The oil gushing into the Gulf of Mexico is symbolic of the toxic bilge they are pumping into our minds and souls. We can't seem to stop this pipe either.

Even the Internet has become a source of irritation. I spend too much time reading doom and gloom, and not enough being inspired by the free music or beautiful pictures on Flickr.

A FM-radio jazz announcer used to sign off with the words: "Think nice thoughts." That's half the battle to saving our souls. It's all in where we focus our attention. 

I was amazed by how much "My Neighbor Totoro" invigorated me. I felt cleansed and uplifted. It reminded me that my soul needs nourishment, not just mind and stomach.



The Trailer for "My Neighbor Totoro"

 






Comments for "Japanese Children's Cartoon Lifts the Spirit"

Miki from Japan said (July 6, 2010):

Always thank you for interested articles.

I do not take your permission, but I sometimes translate it and introduce in my brog.

Thank you very much.

I read two points of articles of the animated cartoon by being related to Japan.

The Miyazaki movie is televised by the special feature in Japan in every year of summer.

Like an annual function.

It is popular like that so that an audience rating rises even if televise it every year.

Common many Japanese have an impression like Mr.Makou.

However, the Japanese studying Illuminati and Freemason doubts it like the latter.


Even if we enjoy it in everything anytime when we enjoy it, I am calm and feel that I must be how I digest it.

Because there is always two-facedness, there are structure of the world and the opposition of feelings.

It fuses without the two-facedness rallying by the Japanese culture.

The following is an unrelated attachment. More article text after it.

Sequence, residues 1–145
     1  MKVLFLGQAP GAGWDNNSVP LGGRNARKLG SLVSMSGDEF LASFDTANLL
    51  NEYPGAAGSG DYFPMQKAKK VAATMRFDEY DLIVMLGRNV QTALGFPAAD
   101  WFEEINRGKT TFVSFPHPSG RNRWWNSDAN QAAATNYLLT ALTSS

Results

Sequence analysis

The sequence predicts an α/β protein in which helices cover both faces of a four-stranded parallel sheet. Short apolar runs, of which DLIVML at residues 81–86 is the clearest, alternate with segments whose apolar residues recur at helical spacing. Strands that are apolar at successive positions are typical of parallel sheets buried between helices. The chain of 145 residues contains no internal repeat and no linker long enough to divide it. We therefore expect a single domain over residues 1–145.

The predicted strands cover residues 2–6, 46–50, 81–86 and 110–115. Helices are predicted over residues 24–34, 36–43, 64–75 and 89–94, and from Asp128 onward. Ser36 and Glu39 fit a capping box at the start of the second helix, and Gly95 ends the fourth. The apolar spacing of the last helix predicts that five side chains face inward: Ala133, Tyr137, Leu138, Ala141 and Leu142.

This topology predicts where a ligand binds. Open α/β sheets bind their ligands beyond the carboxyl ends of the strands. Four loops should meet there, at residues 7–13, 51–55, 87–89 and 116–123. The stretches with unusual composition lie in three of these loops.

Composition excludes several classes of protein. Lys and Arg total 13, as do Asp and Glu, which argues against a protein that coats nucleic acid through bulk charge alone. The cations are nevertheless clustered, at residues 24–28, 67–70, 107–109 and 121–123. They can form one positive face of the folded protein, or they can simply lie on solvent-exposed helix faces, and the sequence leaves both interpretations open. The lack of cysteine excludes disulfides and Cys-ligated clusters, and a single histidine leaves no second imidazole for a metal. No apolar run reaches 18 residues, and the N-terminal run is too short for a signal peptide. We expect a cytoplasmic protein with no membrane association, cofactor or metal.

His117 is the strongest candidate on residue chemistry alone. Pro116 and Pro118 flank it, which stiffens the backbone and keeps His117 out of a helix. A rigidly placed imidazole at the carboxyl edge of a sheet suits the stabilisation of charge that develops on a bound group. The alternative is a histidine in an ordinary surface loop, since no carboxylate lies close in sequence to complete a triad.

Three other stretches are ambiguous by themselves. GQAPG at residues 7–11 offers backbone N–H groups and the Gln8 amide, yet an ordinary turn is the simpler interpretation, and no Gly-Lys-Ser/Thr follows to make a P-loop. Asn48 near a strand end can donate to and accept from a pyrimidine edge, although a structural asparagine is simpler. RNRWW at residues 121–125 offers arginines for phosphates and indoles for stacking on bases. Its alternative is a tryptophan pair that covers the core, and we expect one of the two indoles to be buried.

Even if when we enjoy it, we anytime in everything, I am are calm and feel that there must be it how I digest it.

Miki
from Japan


DL said (July 4, 2010):

I am from Illinois. I first visited your site today. I will visit again fairly often. Thank you! I just want to tell you that I indetified with your coloum on TOTORO. I have been living in Japan for the last twenty years of my fifty. What you described in TOTORO is as I know Japanese culture. That's mostly why I am still here.


STEVE said (June 30, 2010):

I totally agree with you and "Dan's" reply, today's movies and television are dark and sinister or if a comedy disrespectful, selfish and sleazy. TV seems obsessed with crime/FBI/cop dramas about forensically inspecting dead bodies, torturing abductors, sex murders, terrorists, etc. I also believe the FBI / NSA / police type shows are designed to intimidate us into never taking on our elite masters, as these dramas always show all before them as totally defeated and never winning. That the "force" is always right and the average Joe Citizen as strange, perverted, greedy losers that need rounding up or shooting down.